Posts Tagged ‘koan’


The storehouse of treasures opens by itself. You can take them and use them any way you wish.
            —from Pacific Zen’s Miscellaneous Koan Collection

Even in deepest sorrow,
the storehouse of treasures
opens inside each moment—
I needn’t even knock on the door.
Nothing is asked of me.
I come to the storehouse
pockets empty, but feel
no need to fill my pockets.
All I want is to live in the opening.
All I want is to be used
by the treasure.
I want to be the treasure.

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I inadvertently topple the vase,

the water more pouring than dripping

from counter to floor,

and I think of Isan, the lowly cook

in the koan. As the story goes,

the Zen master fills a vase

with water, then asks his disciples,

“Who can tell me what this is

without naming it?”

The senior disciple says,

“No one can call it a wooden shoe.”

But Isan, he walks over

to the vase and kicks it

so that it falls over and the contents spill.

The master smiles.

Standing now, with the sponge

in my hand, I know I am too practical

to have done what Isan did.

I wouldn’t want to clean it up,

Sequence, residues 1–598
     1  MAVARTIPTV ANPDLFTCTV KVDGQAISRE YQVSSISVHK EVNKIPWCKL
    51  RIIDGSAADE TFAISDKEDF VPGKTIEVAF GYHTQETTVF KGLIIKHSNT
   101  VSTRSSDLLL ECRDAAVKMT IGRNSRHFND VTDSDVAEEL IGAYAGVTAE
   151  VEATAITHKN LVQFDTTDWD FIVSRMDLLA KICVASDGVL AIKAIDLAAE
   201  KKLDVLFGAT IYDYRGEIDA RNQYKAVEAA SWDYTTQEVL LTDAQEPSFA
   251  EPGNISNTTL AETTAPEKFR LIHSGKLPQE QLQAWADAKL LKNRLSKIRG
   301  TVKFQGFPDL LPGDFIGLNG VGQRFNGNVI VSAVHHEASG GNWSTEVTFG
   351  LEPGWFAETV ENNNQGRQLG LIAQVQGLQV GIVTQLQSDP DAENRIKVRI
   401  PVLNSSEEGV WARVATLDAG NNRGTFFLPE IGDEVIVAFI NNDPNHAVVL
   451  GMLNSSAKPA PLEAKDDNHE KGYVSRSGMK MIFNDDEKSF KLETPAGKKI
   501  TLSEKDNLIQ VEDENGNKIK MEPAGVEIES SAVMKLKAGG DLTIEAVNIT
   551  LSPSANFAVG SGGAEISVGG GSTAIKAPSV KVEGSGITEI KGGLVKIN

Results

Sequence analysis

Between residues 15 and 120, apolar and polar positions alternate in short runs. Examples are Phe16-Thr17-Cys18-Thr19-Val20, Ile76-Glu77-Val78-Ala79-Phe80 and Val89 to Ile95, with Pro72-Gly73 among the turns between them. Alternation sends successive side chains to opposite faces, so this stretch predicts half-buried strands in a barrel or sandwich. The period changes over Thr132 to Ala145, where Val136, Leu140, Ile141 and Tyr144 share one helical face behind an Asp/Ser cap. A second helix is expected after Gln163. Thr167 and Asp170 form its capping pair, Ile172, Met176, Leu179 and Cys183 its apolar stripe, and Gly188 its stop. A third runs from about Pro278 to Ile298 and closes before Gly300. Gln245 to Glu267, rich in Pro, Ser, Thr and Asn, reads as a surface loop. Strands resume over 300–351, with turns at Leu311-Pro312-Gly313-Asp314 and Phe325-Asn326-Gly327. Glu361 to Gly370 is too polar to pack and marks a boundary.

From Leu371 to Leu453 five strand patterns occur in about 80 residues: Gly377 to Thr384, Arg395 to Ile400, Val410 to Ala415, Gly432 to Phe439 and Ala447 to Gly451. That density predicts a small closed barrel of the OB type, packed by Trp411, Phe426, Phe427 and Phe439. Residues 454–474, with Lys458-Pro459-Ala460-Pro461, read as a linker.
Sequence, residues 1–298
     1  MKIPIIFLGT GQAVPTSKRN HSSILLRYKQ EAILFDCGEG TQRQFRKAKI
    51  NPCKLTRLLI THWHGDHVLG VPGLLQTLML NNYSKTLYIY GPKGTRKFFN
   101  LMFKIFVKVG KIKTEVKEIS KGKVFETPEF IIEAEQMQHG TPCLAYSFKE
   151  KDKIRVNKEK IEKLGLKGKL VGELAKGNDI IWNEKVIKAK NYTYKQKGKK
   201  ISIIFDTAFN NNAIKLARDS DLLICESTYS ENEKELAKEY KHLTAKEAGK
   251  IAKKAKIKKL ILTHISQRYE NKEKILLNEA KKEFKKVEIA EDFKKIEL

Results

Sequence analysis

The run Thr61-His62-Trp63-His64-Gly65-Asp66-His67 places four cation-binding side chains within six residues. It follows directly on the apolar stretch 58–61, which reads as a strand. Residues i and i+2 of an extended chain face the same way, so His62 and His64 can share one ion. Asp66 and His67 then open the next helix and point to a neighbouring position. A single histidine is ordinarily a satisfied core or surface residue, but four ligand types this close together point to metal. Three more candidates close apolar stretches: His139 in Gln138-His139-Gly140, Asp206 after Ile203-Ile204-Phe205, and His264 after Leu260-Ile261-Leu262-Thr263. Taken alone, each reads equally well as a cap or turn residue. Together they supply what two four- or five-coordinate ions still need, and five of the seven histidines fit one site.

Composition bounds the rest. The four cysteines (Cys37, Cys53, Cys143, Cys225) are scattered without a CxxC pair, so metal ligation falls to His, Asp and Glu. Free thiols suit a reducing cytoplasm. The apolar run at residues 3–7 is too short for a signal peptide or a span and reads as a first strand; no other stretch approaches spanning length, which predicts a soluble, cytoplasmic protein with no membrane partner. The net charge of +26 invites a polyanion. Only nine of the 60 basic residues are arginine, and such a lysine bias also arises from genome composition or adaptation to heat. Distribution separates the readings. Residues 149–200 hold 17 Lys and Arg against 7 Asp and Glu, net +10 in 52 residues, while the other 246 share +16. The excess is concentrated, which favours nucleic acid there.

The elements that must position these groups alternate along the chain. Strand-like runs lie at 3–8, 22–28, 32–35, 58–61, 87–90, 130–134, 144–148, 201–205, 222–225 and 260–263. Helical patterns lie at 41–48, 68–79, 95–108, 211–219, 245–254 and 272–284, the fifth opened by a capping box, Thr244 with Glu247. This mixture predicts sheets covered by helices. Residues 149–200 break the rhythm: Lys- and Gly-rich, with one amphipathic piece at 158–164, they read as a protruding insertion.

nor would I want anyone else

to have to clean up my mess.

I wonder, if, without having

knocked over my own vase,

I would have ever considered

my own answer to the master:

I would walk to the garden

and return with a small bouquet

of calendula, salvia, cosmos and thyme,

then arrange the cut flowers

in the water in the vase.

Perhaps they are gifts,

these mistakes—this knocking over

of things and cleaning them up—

how it makes the old lessons

come home. Isn’t it like me

to want to keep things beautiful and clean?

How I honor old Isan, his understanding

that the truth cannot be held.

I honor the spilling, the infinite spilling,

even now as I finish wiping up the spill,

then rearranging in my own small vase,

now refilled, the scattered calendula,

salvia, cosmos and thyme.


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